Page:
Belgian Submitted Names
are spoken in the country of Belgium in western Europe.
Submitted names are contributed by users of this website. The accuracy of these name definitions cannot be guaranteed.
ACHIELmDutch (Rare), Flemish (Rare)
Dutch form of Achilles
via its French form Achille
. Known bearers of this name include Belgian politician and prime minister Achiel Van Acker (1898-1975), Belgian painter Achiel Van Sassenbrouck (1886-1979) and Belgian cyclist Achiel Buysse (1918-1984).
ADAMANTINEfFrench (Gallicized), English
Means "of unyielding quality" or "diamond like". From the Latin adamantinus
meaning 'incorruptible, inflexible', itself from the Greek adamantinos
(ἀδαμάντινος) of the same meaning, with the Greek or Latin suffix of -ine
meaning 'like', 'made of', or 'of the nature of'... [more]
Probably from Greek, either ἀδελφός
) "brotherly, sisterly" or its feminine form ἀδελφή
) "sister". This name was borne by a sister of Thomas-Alexandre Dumas-Davy de La Pailleterie (1762-1806), father of Alexandre Dumas père... [more]
Literary origin. From the story 'Saïdja and Adinda' in the book 'Max Havelaar: Or the Coffee Auctions of the Dutch Trading Company (Dutch: Max Havelaar, of de koffij-veilingen der Nederlandsche Handel-Maatschappij' by Multatuli (the pen name of Eduard Douwes Dekker).
AELTJEfDutch (Rare, Archaic)
Obsolescent variant of Aaltje
which had its heyday in the 1600s, resurfaced briefly between the 1930s and the 1960s and is now all but gone.
AIRELLEfFrench (Rare), English (Rare), Literature
Derived from airelle
, the French name for the plant genus Vaccinium. The French derived the name from Portuguese airella
, which in turn was derived from Latin atra
"dark, black, gloomy".
French form of Alberic
. A known bearer of this name was the French composer Albéric Magnard (1865-1914).
Generally the Dutch form of Albinus
, but in some instances it can be derived from Albuin
as well. A bearer of this name was the Flemish painter Albijn Van den Abeele (1835-1918).
ALDEm & fDutch (Rare)
Dutch short form of Germanic given names that begin with the element ald
meaning "old" as well as (via metathesis) the element adal
meaning "noble". Also compare Aldo
ALEMANDINEfArthurian Romance, French
Presumably derived from Alemanni
, a Latin name for the Germanic tribes who inhabited western and central Europe in the Dark Ages, derived from Old German Alle-Männer
"all men". It was used in the Arthurian tale 'Floriant et Florete', where it belongs to the queen of the White City on the Island of Beautiful Maidens.
French form of Adalhelm
. Previously a name that had gone out of fashion after the Middle Ages, but it has enjoyed a modest revival in France since the late '80s (which reached its peak in 1996).
An old and obscure French given name of unknown meaning, which may possibly ultimately be of Occitan origin (compare Aliénor
) or even Basque origin. It seems that it was mostly used in the 19th century, not just in France but also in (the French-speaking part of) Belgium and the Canadian province Quebec... [more]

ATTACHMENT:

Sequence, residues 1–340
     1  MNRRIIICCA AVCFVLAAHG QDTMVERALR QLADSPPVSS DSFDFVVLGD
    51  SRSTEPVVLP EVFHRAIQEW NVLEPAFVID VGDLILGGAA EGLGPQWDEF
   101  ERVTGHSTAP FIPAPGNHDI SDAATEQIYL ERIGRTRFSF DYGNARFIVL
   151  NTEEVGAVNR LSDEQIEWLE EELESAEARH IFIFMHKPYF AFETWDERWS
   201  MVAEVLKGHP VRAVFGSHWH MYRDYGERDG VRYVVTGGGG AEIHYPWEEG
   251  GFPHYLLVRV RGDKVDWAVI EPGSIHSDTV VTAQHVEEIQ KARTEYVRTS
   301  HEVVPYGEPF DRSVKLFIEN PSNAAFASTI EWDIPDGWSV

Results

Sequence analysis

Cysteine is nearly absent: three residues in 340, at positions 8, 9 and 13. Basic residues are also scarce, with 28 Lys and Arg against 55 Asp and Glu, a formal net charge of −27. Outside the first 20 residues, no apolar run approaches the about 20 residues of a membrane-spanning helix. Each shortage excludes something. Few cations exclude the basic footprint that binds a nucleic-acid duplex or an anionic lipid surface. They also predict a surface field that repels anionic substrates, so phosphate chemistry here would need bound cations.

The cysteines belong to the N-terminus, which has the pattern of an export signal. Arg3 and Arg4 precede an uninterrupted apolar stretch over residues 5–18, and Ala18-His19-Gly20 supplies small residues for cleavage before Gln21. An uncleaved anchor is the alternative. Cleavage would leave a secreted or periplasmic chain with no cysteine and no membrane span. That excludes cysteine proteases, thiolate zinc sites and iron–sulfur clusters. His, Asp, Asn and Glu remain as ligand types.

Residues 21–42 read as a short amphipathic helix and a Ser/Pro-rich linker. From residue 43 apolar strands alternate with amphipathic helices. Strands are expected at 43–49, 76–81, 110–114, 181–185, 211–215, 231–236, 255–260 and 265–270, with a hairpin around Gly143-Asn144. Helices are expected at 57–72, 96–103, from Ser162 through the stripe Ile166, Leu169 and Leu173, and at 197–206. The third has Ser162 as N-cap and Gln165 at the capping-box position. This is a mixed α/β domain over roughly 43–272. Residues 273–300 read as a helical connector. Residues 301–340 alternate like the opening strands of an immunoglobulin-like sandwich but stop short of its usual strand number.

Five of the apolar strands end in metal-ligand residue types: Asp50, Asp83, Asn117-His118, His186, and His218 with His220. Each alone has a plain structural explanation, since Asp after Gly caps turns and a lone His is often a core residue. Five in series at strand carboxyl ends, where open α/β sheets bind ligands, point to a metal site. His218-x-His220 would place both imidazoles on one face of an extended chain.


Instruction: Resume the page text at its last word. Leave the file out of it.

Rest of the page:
Diminutive form of Alie
, seeing as the name contains the Dutch diminutive suffix -ke
Dutch form of Aliette
. However, it should be noted that in the Netherlands, there may also be cases where this name is a combination of the Dutch feminine given name Alie
with the French diminutive suffix -ette
Local French form of Alice
recorded up to the 1700s in the French Bourgogne-Franche-Comté region and the Canton of Châtenois in the Vosges département of eastern France and in the region of Lorraine.
Probably of Germanic origin. This was the name of a 4th-century Gallo-Roman saint praised by Gregory of Tours. He was a bishop of Clermont in Auvergne, France, which he worked to establish as a center of religious teaching and devotion... [more]
ALTOmSpanish, Portuguese, English, Italian, German, Dutch
Means "loud, tall, high" in Spanish, Portuguese, and Italian. Means "old, older" in German. From Latin altus
'high, deep, profound'. Possibly influenced by the Portuguese surname that originated as a nickname for a 'big man', or from the English word referring to 'the musical part or section', or the German saint Alto of Altomünster, or as a diminutive or variant of Alton
AMALASWINTHAfAncient Germanic, Dutch, History
Derived from the Germanic elements amal
"work" and Gothic svinths
in Old High German) "strength." This name was borne by a daughter of Theodoric the Great, who became queen of the Ostrogoths after his death in 526 AD.
Possibly from Latin Amantius
, meaning “lovable.” This was the name of a French novelist, Amantine Lucile Aurore Dupin, who wrote under the pseudonym George Sand. She and composer Frederic Francois Chopin were lovers for a time.
AMASJAm & fDutch (Rare)
Dutch form of Amaziah
. This name has always been extremely rare in the Netherlands and was also an exclusively masculine name until around the '60s of the 20th century. Around that time, the name also began to be used on females, due to the fact that the name's appearance and pronunciation is quite similar to that of Slavic feminine names like Anja
, all of which were commonly used in the Netherlands at the time.... [more]
AMPLONIAfMedieval Dutch, Dutch (Rare)
Medieval Dutch variant form of Apollonia
. This name has survived to modern times, but barely so, as it is quite rare in the Netherlands these days: in 2014, there were less than 10 living bearers (of all ages) in the entire country... [more]
Archaic French name of uncertain origin and meaning which was recorded up to the 1600s in the French Bourgogne-Franche-Comté region. Current theories include a local derivation of Latin Amantius
(which would make Amyen a cognate of Amant
Means "columbine" in French, ultimately derived from Latin aquila
"eagle" (because the shape of the flower petals are said to resemble an eagle's claw).